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I have a bolt hole in a head that's stripped. The hole takes a M7 bolt, should be tightened to 17NM, and is used to fasten a water pipe onto the head. The bolt just spins when I try to tighten to torque. It's in a hard to reach and see spot, so even if I was able to get a drill in there, I don't trust myself that I could drill straight. I'd rather not take the head off and have to order new gaskets and head bolts, so I'd like to try other options first.

I've ordered Loctite Form-A-Thread. Will this be able to take the torque and heat it will be subjected to? Is there anything else I can do while I'm waiting, or if the Loctite doesn't work?

Could I tap the hole to take a M8 bolt without drilling?

Would using some kind of high strength, high temperature epoxy (JB Weld, Loctite, etc) to bond a stud into the hole have a better chance of success?

  • Using some strong loctite to hold a stud in sounds like a good start if the hole is inaccessible. Leave the loctite to set for a day before tightening the nut. – HandyHowie Sep 29 '16 at 10:43
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    Run a m7 tap through it and see if that helps. You might get lucky... Otherwise, find the next closest size up, even a standard size if necessary, and try to tap it. It's sorta hard to tell if you'd need to drill any material out first though. It's more of a trial and error process. – cory Sep 29 '16 at 12:28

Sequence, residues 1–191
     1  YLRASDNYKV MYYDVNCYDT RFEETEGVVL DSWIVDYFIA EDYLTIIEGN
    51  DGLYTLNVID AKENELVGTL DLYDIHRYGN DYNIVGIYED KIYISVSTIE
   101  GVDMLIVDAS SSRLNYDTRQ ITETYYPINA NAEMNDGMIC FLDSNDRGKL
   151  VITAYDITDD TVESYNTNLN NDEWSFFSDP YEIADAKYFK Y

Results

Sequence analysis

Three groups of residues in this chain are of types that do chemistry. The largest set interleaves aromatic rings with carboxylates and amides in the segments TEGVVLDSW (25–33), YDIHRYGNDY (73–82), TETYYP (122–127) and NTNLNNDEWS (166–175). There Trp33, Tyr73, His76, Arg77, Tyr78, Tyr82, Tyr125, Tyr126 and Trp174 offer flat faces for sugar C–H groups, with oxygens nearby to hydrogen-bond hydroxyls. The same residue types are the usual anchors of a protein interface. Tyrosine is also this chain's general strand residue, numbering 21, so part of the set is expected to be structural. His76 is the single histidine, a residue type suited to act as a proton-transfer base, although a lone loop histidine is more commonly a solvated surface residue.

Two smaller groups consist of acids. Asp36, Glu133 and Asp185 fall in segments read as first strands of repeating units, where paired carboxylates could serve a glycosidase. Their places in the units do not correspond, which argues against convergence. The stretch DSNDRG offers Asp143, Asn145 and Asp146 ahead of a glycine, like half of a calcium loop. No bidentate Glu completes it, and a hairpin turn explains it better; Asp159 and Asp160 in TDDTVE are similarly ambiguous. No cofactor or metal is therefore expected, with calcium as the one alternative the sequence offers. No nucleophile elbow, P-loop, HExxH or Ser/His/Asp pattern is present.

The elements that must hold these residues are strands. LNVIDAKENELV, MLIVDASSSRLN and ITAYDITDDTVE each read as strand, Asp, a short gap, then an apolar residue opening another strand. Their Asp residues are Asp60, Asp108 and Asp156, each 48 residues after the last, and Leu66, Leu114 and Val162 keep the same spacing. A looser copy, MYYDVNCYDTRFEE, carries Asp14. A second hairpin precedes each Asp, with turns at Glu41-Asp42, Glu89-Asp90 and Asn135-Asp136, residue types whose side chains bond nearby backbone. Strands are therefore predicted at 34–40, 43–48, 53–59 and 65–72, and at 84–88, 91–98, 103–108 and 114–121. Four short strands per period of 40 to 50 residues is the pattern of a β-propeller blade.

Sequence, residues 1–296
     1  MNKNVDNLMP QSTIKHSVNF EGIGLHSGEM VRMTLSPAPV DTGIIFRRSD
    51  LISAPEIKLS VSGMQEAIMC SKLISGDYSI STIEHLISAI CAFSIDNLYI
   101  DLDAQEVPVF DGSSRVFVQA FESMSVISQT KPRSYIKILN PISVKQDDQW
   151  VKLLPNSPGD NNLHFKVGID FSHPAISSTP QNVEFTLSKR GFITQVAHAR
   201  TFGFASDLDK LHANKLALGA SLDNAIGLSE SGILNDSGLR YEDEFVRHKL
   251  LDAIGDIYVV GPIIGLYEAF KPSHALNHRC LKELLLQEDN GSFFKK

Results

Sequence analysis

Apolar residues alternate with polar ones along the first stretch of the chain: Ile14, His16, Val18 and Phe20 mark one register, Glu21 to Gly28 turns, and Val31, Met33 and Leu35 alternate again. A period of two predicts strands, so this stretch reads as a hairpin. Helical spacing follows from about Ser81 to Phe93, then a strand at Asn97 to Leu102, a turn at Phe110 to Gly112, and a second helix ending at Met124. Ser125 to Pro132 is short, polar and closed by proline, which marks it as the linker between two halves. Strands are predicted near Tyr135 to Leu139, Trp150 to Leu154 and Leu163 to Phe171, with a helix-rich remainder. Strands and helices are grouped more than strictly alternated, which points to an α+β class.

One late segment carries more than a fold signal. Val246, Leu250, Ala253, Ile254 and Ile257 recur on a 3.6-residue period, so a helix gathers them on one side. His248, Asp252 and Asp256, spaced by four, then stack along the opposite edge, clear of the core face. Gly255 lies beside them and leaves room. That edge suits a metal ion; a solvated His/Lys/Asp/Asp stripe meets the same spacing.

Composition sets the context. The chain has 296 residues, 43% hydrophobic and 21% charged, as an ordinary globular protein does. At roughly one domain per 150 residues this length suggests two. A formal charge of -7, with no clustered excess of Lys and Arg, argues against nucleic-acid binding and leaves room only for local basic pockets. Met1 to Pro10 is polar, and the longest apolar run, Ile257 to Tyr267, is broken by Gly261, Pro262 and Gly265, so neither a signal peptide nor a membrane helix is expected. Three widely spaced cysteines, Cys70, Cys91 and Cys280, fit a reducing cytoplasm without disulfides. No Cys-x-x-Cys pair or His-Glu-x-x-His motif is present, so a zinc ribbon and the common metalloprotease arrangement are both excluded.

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If the hole is truly stripped, then yes that would actually work pretty well. The major diameter of an M7 thread is, well, 7mm. I'm much more comfortable in inches, because that's what my shop works in, so translate that and it's about .275 inches. Lets look at what that is appropriate for on a tap drill chart:

Tap drill chart

If you look at the two M8 options, you'll see that the tap drill size is remarkably close to 7mm, which means that your hole, having its threads ripped out, is properly sized for an 8mm tap. Please note: I would still recommend chasing with the appropriate drill size before running the tap.

If you can't drill it straight enough when only removing trace amounts of material, the tapping is not going to go well either. You also may need a tap extension, and some good cutting oil. Also just be careful not to break the tap. That's just awful.

  • Looked on the Loctite Thread Repair Kit package, and it's rated at a pretty low torque, so didn't even try it. Tried bonding a long M7 bolt with the head cut off in the hole with JB Weld, and that didn't hold. So, I guess I'm going to try tapping the hole to an M8. Will need a ~5 inch extension to use a tap wrench (and damn are they expensive). – user43704 Oct 7 '16 at 8:16
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M7 sounds like an original 1/4 UNC opened out, however... there is a great amount of information regarding the repair of stripped threads, a German company called "Böllhoff Group" invented a stainless steel wire insert called "helicoil". As you were prepared to tap a thread, you are in your element, as the kit gives you a tap to cut an initial thread into the workpiece. From here, you wind in the insert and break off the "tang" using the supplied tool. You now have a repair that is stronger than NASCAR could care about. Your main issue is determining the original thread, purchasing a helicoil kit to suit, and carrying out a professional repair... not hard, but like everything, pride of workmanship and attitude will determine the outcome.

Cheers Hutch

  • Helicoils are really cool stuff, but you need the insert and the very special tab (it has a lower pitch, different diameter and tread shape than regular tab). And M7 is really uncommon to unknown. I'd recommend to just use a wider screw whenever possible. – sweber Sep 29 '16 at 17:15

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